Oh give me a home, where the Banker horses roam

After traveling more than 1,540 miles over the course of three days, my folks and I were thrilled to be settling in for four nights at a motel right on the beach in Kill Devil Hills, N.C.

Since we arrived late Monday afternoon, the first goal was to get the car unloaded at our motel and then look for something other than ham and cheese sandwiches for supper.
I paged through the guide in our motel room and found what I thought sounded like a good place – it had seafood on the menu. It turned out to be the most expensive meal of the entire trip, unfortunately.

Strapped in and enjoying our safari-style ride on the beaches north of Corolla in search of the Banker horses.

Deciding I’d splurge just this one time, I ordered the seafood platter. It arrived on our table in a neat little dish and featured shrimp, scallops and flaked fresh crab meat. It was delicious. Dining on fresh seafood is perhaps one of the greatest things about traveling to coastal communities – that, and of course, seeing the lighthouses and relaxing on the sandy beaches.

Those who know me well – or have been reading my blog for several years – know that I have a fondness for lighthouses. While that sparked my desire to travel to the Outer Banks of North Carolina, it certainly wasn’t the only thing we visited on our travels. In fact, several of the other activities we discovered ranked higher on our “most fun” list than any of the four lighthouse stops.

It’s a Banker horse, of course!

While I will dedicate a later blog to the lighthouses, I will tell you that our “hands-down, all-time favorite” thing to do on the Outer Banks was to climb aboard a sight-seeing safari truck up at Corolla and hit the sandy beaches in search of the Banker horses.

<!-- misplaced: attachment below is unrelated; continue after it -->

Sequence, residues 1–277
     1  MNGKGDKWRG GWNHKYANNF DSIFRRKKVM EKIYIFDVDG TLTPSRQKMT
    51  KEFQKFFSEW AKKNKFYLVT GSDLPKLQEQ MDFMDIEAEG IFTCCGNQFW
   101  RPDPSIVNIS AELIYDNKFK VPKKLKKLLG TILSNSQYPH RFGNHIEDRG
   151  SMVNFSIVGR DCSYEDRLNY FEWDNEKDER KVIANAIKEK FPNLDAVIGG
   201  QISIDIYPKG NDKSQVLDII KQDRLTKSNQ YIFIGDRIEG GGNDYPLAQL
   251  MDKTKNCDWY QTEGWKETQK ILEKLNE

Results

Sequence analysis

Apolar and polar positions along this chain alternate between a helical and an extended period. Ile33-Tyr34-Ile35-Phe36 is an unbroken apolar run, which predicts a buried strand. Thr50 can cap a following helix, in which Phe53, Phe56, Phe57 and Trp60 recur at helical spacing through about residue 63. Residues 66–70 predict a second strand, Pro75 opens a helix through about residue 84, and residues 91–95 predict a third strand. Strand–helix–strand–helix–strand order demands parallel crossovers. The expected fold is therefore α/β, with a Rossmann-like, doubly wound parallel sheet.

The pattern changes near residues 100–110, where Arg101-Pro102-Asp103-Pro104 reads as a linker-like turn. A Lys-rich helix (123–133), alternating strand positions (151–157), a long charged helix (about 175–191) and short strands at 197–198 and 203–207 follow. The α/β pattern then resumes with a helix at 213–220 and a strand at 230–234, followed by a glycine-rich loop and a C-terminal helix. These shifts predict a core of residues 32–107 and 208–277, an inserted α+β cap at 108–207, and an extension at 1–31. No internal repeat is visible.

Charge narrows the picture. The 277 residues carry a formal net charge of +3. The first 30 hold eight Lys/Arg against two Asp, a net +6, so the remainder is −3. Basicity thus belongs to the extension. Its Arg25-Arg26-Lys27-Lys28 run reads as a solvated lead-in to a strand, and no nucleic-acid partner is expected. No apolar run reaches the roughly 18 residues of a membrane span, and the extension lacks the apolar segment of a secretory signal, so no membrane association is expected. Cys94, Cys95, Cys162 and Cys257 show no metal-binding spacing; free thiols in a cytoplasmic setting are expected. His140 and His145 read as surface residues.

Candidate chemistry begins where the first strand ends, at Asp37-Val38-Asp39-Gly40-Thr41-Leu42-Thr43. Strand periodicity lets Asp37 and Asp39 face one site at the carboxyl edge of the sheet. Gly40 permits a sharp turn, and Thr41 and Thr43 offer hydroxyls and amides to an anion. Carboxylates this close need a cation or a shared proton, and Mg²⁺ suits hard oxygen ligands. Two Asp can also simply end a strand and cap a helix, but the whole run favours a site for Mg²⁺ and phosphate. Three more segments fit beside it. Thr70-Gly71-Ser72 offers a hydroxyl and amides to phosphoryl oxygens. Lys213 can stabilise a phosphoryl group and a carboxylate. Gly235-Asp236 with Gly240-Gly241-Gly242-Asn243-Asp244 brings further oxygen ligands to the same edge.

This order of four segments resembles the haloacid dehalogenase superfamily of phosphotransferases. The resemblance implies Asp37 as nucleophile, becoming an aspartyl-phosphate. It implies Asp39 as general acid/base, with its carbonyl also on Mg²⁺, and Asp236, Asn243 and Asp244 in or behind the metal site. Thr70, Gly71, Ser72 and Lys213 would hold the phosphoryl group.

These feral horses are descendants of those brought by Spaniards in the 1500s. While the herd has dwindled to about 140 horses today, they remain in the wild, free to roam thousands of acres in a national preserve and throughout the secluded community of Carova on the far northern reach of the Outer Banks.

Another Banker horse feeding.

The entire experience is one we never would have been able to do on our own. For starters, beach driving requires a four-wheel-drive vehicle, and our family sedan wouldn’t have made it more than a car’s length off Highway 12 at Corolla before getting stuck.

Strapped onto bench seats behind the cab of the truck, we could see in all directions – from the sandy beaches and dunes to the Atlantic ocean and the extravagant homes and rental houses. This was a place that, if I really wanted to get away from it all, could be considered a little slice of Heaven on Earth.

These Bankers were in the back yard of someone’s home, joined by a strange looking bird that we were told likes to hang around with the Bankers.

Our tour guide told us the history of the Banker horses, how fundraising groups have become established and laws written to protect these animals from overpopulation, inbreeding and disease. We learned how these horses differ from domesticated horses, and why they are not to be fed – their digestive system cannot tolerate horse treats like carrots and apples. In fact, our guide said a tourist last year tossed an apple to one of the horses, and the animal became extremely sick and died.

Seeing the horses in their natural habitat was pretty cool, but what was even better was having a two-hour-long escorted ride on the beach, breathing in the salt air, hearing the waves crash toward shore and taking in the beauty of the sand dunes.

One of the larger beach homes we saw on our adventure in search of the Banker horses. Just imagine the views the renters or homeowners get to wake up to each morning!

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